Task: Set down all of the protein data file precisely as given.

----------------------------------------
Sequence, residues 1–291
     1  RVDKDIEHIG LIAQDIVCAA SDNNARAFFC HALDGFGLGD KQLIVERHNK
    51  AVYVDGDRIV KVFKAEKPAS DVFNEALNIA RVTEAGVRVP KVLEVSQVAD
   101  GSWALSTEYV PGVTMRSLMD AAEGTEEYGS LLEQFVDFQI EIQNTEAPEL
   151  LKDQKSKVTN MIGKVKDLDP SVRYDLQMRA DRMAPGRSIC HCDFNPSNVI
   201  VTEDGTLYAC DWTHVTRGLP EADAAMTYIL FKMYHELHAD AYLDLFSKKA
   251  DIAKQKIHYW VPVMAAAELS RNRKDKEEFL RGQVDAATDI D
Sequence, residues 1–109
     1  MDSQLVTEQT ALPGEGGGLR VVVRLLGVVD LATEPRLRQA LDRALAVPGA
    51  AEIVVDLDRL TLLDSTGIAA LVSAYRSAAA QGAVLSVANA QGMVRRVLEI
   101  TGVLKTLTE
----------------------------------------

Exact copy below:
Sequence, residues 1–291
     1  RVDKDIEHIG LIAQDIVCAA SDNNARAFFC HALDGFGLGD KQLIVERHNK
    51  AVYVDGDRIV KVFKAEKPAS DVFNEALNIA RVTEAGVRVP KVLEVSQVAD
   101  GSWALSTEYV PGVTMRSLMD AAEGTEEYGS LLEQFVDFQI EIQNTEAPEL
   151  LKDQKSKVTN MIGKVKDLDP SVRYDLQMRA DRMAPGRSIC HCDFNPSNVI
   201  VTEDGTLYAC DWTHVTRGLP EADAAMTYIL FKMYHELHAD AYLDLFSKKA
   251  DIAKQKIHYW VPVMAAAELS RNRKDKEEFL RGQVDAATDI D
Sequence, residues 1–109
     1  MDSQLVTEQT ALPGEGGGLR VVVRLLGVVD LATEPRLRQA LDRALAVPGA
    51  AEIVVDLDRL TLLDSTGIAA LVSAYRSAAA QGAVLSVANA QGMVRRVLEI
   101  TGVLKTLTE